Stress response

Have you ever wondered why people react so differently to traumatic events?

Thousands of people could be involved in the same traumatic situation - such as a natural disaster or war – yet some will experience long term effects like post traumatic stress disorder (PTSD) and others will not.

Research supports the theory that a combination of factors including genetics and environmental influences throughout life can work to change the biology of the stress response system as it develops.

One study found a person is much more likely to develop PTSD after a traumatic event if physical or sexual abuse were experienced during childhood and if certain gene variations exist.

Nine hundred people aged 18 to 81 from low income urban American neighbourhoods were surveyed and genetic information was also collected. Many volunteers had experienced severe traumatic experiences in childhood and later as adults.

Almost 30 per cent of study participants had a history of child abuse and this led to more than twice the number of PTSD symptoms among adults who later experienced traumatic events.

But abuse in childhood wasn’t enough to account for the increased risk of PTSD after adult trauma – it seemed to depend on the existence of certain genetic variations in a particular stress-related gene.

Similarly, the genetic variation alone didn’t seem to increase the risk of developing PTSD after a traumatic event during adulthood. Results from this study point to the need for the combination of both genes and early life experience to dramatically increase the sensitivity of the stress response system.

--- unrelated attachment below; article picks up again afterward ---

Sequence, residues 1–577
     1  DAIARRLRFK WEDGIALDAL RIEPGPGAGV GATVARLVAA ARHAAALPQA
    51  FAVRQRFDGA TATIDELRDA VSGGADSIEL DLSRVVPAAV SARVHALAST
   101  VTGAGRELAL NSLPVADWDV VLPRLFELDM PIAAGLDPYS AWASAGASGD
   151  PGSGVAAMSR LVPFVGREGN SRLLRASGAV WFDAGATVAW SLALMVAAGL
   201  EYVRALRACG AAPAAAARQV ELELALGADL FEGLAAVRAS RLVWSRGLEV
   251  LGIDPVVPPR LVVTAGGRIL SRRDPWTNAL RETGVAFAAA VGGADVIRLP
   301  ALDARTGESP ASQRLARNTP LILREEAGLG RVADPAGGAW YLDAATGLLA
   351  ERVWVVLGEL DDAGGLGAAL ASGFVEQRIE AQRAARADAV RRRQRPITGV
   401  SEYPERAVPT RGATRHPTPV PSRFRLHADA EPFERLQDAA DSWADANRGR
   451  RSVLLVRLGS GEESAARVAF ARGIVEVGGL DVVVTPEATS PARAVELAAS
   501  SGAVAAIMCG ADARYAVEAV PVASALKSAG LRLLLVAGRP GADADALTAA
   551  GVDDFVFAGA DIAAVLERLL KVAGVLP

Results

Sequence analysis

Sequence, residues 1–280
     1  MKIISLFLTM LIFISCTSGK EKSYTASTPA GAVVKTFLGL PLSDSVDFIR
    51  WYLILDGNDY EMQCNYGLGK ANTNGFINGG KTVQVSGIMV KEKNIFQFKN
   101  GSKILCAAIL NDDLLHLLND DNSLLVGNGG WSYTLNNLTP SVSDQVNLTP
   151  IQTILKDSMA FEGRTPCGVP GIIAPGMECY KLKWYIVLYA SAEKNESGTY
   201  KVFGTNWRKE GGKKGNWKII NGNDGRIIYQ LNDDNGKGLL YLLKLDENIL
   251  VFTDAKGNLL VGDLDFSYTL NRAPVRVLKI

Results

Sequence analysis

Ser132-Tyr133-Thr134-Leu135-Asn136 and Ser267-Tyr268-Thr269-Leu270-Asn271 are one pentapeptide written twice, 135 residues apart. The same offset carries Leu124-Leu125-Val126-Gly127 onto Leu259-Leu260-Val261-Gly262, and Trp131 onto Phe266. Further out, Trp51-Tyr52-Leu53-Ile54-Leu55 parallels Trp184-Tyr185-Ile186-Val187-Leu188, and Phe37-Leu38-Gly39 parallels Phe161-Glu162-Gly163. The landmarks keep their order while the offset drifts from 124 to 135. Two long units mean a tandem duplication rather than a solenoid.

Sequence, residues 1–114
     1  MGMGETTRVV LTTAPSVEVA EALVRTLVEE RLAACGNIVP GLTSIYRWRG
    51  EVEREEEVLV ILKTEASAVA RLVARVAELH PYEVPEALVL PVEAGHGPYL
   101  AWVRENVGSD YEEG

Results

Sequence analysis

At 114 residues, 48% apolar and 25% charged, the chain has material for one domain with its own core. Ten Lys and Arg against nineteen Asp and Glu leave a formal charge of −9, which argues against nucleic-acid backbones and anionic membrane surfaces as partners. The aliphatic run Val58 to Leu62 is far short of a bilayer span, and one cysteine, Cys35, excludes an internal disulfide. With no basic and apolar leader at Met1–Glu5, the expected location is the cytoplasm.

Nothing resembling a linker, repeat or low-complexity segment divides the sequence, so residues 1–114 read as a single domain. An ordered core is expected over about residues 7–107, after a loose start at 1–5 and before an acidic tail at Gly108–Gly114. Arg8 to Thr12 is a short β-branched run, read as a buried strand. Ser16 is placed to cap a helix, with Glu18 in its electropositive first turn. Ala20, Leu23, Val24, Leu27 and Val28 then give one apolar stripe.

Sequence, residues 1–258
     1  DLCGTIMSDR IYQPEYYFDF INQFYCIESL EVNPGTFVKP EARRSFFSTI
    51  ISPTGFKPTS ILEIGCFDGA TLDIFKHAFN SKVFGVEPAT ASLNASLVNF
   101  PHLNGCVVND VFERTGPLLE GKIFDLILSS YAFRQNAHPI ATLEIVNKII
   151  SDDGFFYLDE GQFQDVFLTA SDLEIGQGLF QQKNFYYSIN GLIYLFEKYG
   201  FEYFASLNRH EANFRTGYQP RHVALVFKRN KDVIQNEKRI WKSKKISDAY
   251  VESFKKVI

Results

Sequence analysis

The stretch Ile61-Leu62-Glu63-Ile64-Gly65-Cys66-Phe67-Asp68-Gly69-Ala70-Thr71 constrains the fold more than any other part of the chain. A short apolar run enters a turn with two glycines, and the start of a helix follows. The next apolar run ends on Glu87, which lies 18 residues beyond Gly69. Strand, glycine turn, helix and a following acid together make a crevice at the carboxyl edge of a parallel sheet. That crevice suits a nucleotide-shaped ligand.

Variations in multiple genes are estimated to account for between 30 and 40 per cent of the risk of developing PTSD and the gene located in this particular study (called FKBP5) is one of this group – although others still need to be identified.

When examining FKBP5, researchers also found protective variations – people with these variations were not at increased risk of PTSD after trauma even if they had been abused in childhood.

Although more research in this area is needed, it is an important step forward in understanding how nature and nurture interact to affect mental health. As we gain knowledge of this interplay, we will learn more about many illnesses and how to treat and even prevent them. 

In the meantime, it is equally if not more important to find ways to decrease rates of childhood abuse and adult trauma – this may prove key to preventing the development of mental illness in many people.

More States of Mind articles

About the Author

Paul Latimer has over 25 years experience in clinical practice, research, and administration.

After obtaining his medical degree from Queen's University in Kingston, Ontario, he did psychiatric training at Queen's, Oxford and Temple Universities. After his residency he did a doctorate in medical science at McMaster University where he was also a Medical Research Council of Canada Scholar.

Since 1983 he has been practicing psychiatry in Kelowna, BC, where he has held many administrative positions and conducted numerous clinical trials.

He has published many scientific papers and one book on the psychophysiology of the functional bowel disorders.

He is an avid photographer, skier and outdoorsman.

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The views expressed are strictly those of the author and not necessarily those of Castanet. Castanet does not warrant the contents.

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